I came across a letter in the June 26th N.Y. Review of Books from Gayle Greene regarding a dispute in the 50’s and 60’s about the safety of x-raying pregnant mothers. Today a defense of this practice would be viewed as ludicrous but read the letter, and also the book The Woman Who Knew Too Much: Alice Stewart and the Secrets of Radiation to learn more.
From the NY Review of Books:
“I interviewed Doll while writing about Stewart, the physician and epidemiologist who discovered that the practice of X-raying pregnant women, which was common in the Forties and Fifties, doubled the chance of a childhood cancer. Doll and Stewart moved in the same Oxbridge circles, sat on the same committees and editorial boards. Both started out as physicians, then moved into epidemiology after the war, each making major discoveries in the Fifties that helped shape epidemiology so it came to include cancer as well as infectious diseases. But after Stewart went public with the dangers of radiation, she plummeted to obscurity, while Doll, credited with discovering the link between lung cancer and smoking, rocketed to fame and a knighthood.”
“Immediately after Stewart published her findings, Doll launched a study to prove her wrong. For nearly two decades, he succeeded in keeping her findings from being accepted, thereby allowing fetal X-raying to continue”
“After his death it came out that Doll was receiving payment from Monsanto (quite a lot) all the while he was doing the studies that cleared vinyl chloride of an association with liver cancer. I’d have thought that would have laid to rest this overblown veneration. But no, Horton defends him, suggesting that he may simply have been “naive.” I can tell you, whatever else he was, he was not naive.”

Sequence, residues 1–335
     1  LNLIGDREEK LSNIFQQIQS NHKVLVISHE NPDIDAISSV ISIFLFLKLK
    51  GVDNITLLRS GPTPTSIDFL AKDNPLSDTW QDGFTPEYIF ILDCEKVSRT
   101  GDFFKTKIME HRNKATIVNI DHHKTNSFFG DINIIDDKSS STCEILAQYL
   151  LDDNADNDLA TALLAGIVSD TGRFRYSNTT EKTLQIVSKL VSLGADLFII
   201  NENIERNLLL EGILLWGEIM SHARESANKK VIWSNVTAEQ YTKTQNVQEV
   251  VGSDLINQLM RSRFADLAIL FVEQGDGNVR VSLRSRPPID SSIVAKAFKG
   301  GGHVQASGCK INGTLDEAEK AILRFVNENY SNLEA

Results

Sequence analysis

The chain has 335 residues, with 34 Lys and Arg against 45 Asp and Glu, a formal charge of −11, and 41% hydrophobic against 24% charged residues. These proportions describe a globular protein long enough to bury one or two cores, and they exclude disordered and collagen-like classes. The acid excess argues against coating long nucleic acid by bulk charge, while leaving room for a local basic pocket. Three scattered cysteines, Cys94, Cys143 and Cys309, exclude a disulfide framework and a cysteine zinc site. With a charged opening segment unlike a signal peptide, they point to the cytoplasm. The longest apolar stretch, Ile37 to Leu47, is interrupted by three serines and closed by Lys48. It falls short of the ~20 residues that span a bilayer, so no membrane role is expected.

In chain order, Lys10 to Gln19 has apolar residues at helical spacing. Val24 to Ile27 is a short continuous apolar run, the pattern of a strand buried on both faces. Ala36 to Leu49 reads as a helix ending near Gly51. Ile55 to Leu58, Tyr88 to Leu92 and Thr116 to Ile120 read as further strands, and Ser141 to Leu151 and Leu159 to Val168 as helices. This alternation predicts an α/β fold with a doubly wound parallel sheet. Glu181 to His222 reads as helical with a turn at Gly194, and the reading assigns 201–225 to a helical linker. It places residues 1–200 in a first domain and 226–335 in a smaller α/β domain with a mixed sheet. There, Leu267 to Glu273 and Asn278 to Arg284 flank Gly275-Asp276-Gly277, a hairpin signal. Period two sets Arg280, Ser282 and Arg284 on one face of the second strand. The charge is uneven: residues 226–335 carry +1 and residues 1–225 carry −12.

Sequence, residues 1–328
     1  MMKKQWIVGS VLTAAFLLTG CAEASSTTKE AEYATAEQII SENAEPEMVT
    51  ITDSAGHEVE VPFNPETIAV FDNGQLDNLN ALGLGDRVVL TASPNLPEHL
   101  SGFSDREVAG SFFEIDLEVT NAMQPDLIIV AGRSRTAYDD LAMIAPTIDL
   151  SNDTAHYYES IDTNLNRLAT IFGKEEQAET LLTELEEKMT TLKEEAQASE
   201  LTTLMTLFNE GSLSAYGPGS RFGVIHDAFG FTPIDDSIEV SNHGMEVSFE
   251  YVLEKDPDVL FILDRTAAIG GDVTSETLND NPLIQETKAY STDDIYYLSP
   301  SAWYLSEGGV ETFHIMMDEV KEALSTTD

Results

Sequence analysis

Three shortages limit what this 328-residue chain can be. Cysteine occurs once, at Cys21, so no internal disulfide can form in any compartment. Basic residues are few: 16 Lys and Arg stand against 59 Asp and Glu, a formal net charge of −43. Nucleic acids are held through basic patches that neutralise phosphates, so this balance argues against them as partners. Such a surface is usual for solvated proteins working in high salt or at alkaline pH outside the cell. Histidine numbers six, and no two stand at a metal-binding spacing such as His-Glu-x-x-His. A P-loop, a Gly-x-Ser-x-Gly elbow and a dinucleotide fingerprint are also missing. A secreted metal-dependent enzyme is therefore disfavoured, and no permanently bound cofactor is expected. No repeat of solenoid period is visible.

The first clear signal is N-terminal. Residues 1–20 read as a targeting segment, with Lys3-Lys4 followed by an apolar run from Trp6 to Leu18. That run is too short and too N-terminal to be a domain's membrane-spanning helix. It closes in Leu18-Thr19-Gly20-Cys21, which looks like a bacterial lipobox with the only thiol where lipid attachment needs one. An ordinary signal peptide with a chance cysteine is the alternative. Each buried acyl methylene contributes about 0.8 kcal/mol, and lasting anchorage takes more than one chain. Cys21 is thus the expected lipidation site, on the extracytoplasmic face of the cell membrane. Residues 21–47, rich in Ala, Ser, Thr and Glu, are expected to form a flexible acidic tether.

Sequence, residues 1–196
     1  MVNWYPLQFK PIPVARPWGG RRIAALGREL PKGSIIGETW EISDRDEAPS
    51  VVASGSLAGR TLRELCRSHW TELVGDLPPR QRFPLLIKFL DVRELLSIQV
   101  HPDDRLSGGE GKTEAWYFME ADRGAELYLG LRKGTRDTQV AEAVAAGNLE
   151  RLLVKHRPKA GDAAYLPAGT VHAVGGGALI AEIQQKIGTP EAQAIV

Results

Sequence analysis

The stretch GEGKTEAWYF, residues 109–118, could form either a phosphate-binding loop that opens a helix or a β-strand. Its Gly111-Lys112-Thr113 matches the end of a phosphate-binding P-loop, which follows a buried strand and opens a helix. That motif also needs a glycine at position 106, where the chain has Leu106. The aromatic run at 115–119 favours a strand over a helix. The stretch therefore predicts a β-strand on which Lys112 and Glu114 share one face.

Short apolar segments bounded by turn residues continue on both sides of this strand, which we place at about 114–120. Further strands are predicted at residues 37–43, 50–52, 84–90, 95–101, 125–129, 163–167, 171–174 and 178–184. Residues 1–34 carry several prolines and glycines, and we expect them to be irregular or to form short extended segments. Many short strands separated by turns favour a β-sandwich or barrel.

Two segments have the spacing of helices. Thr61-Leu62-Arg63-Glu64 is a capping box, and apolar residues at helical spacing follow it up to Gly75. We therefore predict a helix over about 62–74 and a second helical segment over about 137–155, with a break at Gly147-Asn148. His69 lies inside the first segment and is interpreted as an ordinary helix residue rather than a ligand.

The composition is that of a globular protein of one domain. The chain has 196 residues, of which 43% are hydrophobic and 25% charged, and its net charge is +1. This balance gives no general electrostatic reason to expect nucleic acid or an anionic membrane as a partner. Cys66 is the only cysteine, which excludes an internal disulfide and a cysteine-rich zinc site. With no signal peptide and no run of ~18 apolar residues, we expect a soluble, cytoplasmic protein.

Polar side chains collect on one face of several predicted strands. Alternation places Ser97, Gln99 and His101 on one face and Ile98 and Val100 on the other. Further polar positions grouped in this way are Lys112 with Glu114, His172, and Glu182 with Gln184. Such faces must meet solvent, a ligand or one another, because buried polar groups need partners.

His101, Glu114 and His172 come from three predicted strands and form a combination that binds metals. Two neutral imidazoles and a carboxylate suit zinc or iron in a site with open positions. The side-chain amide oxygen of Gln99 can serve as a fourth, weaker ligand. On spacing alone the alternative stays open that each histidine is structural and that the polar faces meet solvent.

Not much has changed as indicated in today’s (June 8,2008) NY Times report on professors of pediatrics receiving unreported income from drug companies.
“In 2000, for instance, Dr. Biederman received a grant from the National Institutes of Health to study in children Strattera, an Eli Lilly drug for attention deficit disorder. Dr. Biederman reported to Harvard that he received less than $10,000 from Lilly that year, but the company told Mr. Grassley that it paid Dr. Biederman more than $14,000 in 2000, Mr. Grassley’s letter stated.”
“At the time, Harvard forbade professors from conducting clinical trials if they received payments over $10,000 from the company whose product was being studied, and federal rules required such conflicts to be managed.”
This is the tip of the iceberg of unreported relationships between physicians, researchers, and institutions and the medical industrial complex.
Powered by Zoundry